Angel of beauty, do you wrinkles know?

Angel of happiness, and joy, and light,
Old David would have asked for youth afresh
From the pure touch of your enchanted flesh;
I but implore your prayers to aid my plight,
Angel of happiness, and joy, and light.

The wings of Daylight by W.S. Merwin

Brightness appears showing us everything
it reveals the splendors it calls everything
but shows it to each of us alone
and only once and only to look at
not to touch or hold in our shadows
what we see is never what we touch
what we take turns out to be something else
what we see that one time departs untouched
while other shadows gather around us
the world’s shadows mingle with our own
we had forgotten them but they know us
they remember us as we always were
they were at home here before the first came
everything will leave us except the shadows
but the shadows carry the whole story
at first daybreak they open their long wings

Words by Robert Smithdas

Words hold a hidden magic all their own:
One word can pierce the soul of things unknown;
One phrase can shake an empire to its knees,
Or sow the seed of unborn dynasties.

One word of praise can fan ambition’s fire,
Or rock a heart with love and love’s desires;
An angry word of carelessness or blame
May fill a lifetime with remorse or shame.

Some words are wise; and there are foolish words;
Words sad as grief, or gay as singing birds;
Some words recall forgotten loveliness,
And there are words which fill us with distress.

Sung in a song, or murmured in a prayer;
Written in books, or breathed into the air
Words have a magic power to wound or bless.

The Road not taken by Robert Frost

Two roads diverged in a yellow wood,
And sorry I could not travel both
And be one traveler, long I stood
And looked down one as far as I could
To where it bent in the undergrowth;

Then took the other, as just as fair,
And having perhaps the better claim,
Because it was grassy and wanted wear;
Though as for that the passing there
Had worn them really about the same,

And both that morning equally lay
In leaves no step had trodden black.
Oh, I kept the first for another day!
Yet knowing how way leads on to way,
I doubted if I should ever come back.

I shall be telling this with a sigh
Somewhere ages and ages hence:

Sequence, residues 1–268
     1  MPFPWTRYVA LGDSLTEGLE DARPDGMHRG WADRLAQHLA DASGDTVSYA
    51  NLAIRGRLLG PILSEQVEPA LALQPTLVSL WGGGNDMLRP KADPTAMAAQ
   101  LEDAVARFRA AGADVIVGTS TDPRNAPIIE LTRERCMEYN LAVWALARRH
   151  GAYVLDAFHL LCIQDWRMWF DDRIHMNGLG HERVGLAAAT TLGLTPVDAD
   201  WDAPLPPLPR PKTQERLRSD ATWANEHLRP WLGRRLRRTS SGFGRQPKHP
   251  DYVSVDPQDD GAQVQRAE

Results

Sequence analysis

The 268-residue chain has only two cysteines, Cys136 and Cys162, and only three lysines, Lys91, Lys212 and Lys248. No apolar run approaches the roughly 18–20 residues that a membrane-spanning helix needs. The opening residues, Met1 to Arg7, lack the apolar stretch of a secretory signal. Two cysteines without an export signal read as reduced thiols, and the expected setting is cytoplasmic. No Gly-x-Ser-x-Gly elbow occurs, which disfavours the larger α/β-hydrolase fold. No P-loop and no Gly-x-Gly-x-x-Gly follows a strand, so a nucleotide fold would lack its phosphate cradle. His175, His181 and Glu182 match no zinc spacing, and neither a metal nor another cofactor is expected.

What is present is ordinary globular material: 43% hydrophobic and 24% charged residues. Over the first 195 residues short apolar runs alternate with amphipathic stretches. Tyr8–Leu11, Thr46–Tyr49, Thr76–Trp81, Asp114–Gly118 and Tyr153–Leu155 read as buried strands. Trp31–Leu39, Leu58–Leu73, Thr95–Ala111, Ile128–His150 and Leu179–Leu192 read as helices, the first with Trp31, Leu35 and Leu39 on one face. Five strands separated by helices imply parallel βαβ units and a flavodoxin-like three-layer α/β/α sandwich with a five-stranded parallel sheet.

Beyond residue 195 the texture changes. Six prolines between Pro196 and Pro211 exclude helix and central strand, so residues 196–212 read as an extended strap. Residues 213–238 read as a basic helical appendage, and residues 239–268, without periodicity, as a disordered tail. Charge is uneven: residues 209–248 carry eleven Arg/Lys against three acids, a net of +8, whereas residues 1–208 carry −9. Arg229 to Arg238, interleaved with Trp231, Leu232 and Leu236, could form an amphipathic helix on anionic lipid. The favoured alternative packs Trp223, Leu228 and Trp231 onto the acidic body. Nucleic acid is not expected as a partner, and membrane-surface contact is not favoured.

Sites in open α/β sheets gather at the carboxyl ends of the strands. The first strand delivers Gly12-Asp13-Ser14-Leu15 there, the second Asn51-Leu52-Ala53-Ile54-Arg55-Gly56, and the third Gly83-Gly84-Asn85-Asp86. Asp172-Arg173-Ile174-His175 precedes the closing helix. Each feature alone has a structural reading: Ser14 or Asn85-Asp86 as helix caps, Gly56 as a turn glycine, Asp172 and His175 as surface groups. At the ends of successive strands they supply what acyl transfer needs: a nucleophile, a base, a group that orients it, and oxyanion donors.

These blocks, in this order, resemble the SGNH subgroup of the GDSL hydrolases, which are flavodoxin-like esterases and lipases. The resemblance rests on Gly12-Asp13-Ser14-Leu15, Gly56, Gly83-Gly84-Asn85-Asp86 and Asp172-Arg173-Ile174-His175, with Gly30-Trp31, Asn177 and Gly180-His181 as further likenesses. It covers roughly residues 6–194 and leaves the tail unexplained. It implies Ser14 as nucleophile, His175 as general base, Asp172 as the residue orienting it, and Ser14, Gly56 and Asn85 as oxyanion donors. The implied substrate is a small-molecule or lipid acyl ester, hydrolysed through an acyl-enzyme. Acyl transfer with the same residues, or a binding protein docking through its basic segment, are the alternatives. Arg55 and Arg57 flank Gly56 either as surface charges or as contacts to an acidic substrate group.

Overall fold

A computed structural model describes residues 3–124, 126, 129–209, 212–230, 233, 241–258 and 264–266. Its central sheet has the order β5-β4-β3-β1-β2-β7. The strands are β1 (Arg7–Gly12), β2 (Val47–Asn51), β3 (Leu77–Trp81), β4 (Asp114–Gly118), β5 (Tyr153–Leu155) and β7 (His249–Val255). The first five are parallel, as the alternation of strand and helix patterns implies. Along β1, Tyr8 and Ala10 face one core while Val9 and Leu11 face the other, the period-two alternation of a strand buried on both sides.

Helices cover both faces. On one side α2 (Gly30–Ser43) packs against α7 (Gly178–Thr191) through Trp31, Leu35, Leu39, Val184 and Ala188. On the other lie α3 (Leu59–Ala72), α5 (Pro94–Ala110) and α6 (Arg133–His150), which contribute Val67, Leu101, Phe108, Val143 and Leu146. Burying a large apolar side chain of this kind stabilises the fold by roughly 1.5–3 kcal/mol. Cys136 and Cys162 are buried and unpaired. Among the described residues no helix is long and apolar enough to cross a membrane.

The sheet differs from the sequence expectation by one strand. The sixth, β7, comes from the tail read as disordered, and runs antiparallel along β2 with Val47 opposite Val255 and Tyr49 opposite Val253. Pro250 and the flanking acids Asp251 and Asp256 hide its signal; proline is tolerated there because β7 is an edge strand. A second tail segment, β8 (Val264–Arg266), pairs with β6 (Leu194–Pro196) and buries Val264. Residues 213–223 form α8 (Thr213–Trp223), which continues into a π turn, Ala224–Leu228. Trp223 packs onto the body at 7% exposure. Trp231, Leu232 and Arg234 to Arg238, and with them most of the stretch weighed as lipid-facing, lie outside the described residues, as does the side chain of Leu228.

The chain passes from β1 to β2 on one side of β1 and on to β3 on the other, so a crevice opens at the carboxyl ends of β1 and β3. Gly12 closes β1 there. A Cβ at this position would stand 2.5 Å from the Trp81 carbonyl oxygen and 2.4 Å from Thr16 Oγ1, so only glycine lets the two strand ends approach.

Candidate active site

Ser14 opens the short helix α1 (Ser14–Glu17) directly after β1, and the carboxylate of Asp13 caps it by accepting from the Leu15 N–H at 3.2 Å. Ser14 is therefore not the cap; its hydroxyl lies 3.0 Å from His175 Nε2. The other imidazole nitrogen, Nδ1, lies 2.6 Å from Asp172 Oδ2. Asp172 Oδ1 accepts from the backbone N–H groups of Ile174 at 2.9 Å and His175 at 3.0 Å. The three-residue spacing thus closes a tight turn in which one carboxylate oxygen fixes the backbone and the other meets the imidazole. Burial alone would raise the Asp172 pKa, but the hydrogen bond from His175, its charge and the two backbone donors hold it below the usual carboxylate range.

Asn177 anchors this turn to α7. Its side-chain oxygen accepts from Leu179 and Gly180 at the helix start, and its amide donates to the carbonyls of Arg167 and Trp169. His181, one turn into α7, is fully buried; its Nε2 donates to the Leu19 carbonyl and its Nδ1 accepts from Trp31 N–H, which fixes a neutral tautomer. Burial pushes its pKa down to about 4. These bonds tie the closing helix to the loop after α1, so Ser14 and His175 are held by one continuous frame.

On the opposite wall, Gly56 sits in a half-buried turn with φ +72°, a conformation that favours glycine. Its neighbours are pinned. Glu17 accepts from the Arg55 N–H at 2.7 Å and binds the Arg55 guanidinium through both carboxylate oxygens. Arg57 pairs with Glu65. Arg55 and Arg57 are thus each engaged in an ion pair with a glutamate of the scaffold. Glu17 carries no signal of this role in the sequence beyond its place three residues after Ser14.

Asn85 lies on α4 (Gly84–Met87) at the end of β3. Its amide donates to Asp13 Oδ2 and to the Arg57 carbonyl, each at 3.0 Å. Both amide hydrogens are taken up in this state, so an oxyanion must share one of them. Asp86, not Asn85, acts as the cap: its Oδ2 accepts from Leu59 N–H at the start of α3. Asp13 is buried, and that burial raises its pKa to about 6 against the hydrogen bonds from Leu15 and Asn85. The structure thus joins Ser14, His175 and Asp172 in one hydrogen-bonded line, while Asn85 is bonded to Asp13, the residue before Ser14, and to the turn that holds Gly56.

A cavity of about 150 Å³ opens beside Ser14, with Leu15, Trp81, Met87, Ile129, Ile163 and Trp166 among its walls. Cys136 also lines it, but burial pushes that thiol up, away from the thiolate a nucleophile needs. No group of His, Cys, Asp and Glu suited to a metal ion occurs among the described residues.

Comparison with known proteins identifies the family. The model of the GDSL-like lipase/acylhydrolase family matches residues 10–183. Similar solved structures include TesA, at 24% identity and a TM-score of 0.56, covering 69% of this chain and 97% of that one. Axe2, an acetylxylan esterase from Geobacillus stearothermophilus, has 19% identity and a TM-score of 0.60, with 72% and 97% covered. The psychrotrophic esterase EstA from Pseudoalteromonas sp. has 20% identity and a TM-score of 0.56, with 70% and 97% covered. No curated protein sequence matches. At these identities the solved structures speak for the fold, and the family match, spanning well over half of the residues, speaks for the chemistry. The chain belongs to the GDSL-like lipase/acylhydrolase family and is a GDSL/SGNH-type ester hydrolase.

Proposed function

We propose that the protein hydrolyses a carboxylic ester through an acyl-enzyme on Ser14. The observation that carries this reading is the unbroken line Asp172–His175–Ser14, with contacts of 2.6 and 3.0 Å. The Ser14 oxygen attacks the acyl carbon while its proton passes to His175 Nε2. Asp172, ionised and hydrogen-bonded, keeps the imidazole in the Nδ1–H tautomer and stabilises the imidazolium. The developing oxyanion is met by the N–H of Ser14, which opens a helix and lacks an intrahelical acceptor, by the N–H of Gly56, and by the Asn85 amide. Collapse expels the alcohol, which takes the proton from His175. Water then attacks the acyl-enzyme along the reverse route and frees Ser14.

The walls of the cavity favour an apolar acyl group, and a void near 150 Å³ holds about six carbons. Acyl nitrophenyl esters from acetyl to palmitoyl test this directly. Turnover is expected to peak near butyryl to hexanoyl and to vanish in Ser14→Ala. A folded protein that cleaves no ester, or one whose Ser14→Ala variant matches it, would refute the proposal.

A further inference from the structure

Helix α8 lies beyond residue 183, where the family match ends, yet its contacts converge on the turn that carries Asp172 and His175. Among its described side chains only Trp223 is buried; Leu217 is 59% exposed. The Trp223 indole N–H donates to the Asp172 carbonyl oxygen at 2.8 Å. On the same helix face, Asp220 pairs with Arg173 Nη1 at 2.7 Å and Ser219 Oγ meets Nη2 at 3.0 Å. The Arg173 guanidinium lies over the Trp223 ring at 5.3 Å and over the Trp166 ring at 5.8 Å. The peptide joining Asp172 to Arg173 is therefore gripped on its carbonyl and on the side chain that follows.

Two roads diverged in a wood, and I —
I took the one less traveled by,
And that has made all the difference.

“If” by Rudyard Kipling

If you can keep your head when all about you
Are losing theirs and blaming it on you;
If you can trust yourself when all men doubt you,
But make allowance for their doubting too;
If you can wait and not be tired by waiting,
Or, being lied about, don’t deal in lies,
Or, being hated, don’t give way to hating,
And yet don’t look too good, nor talk too wise;

If you can dream – and not make dreams your master;
If you can think – and not make thoughts your aim;
If you can meet with triumph and disaster
And treat those two imposters just the same;
If you can bear to hear the truth you’ve spoken
Twisted by knaves to make a trap for fools,
Or watch the things you gave your life to broken,
And stoop and build ’em up with wornout tools;

If you can make one heap of all your winnings
And risk it on one turn of pitch-and-toss,
And lose, and start again at your beginnings
And never breath a word about your loss;
If you can force your heart and nerve and sinew
To serve your turn long after they are gone,
And so hold on when there is nothing in you
Except the Will which says to them: “Hold on”;

If you can talk with crowds and keep your virtue,
Or walk with kings – nor lose the common touch;
If neither foes nor loving friends can hurt you;
If all men count with you, but none too much;
If you can fill the unforgiving minute
With sixty seconds’ worth of distance run –
Yours is the Earth and everything that’s in it,
And – which is more – you’ll be a Man my son!

Elegy in Joy by Muriel Rukeyser

We tell beginnings: for the flesh and the answer,
or the look, the lake in the eye that knows,
for the despair that flows down in widest rivers,
cloud of home; and also the green tree of grace,
all in the leaf, in the love that gives us ourselves.

The word of nourishment passes through the women,
soldiers and orchards rooted in constellations,
white towers, eyes of children:
saying in time of war What shall we feed?
I cannot say the end.

Nourish beginnings, let us nourish beginnings.
Not all things are blest, but the
seeds of all things are blest.
The blessing is in the seed.

This moment, this seed, this wave of the sea, this look, this instant of love.
Years over wars and an imagining of peace. Or the expiation journey
toward peace which is many wishes flaming together,
fierce pure life, the many-living home.
Love that gives us ourselves, in the world known to all
new techniques for the healing of the wound,
and the unknown world. One life, or the faring stars.

The waking by Theodore Roethke

I wake to sleep, and take my waking slow.   
I feel my fate in what I cannot fear.   
I learn by going where I have to go.

We think by feeling. What is there to know?   
I hear my being dance from ear to ear.   
I wake to sleep, and take my waking slow.

Of those so close beside me, which are you?   
God bless the Ground!   I shall walk softly there,   
And learn by going where I have to go.

Light takes the Tree; but who can tell us how?   
The lowly worm climbs up a winding stair;   
I wake to sleep, and take my waking slow.

Great Nature has another thing to do   
To you and me; so take the lively air,   
And, lovely, learn by going where to go.

This shaking keeps me steady. I should know.   
What falls away is always. And is near.   
I wake to sleep, and take my waking slow.   
I learn by going where I have to go.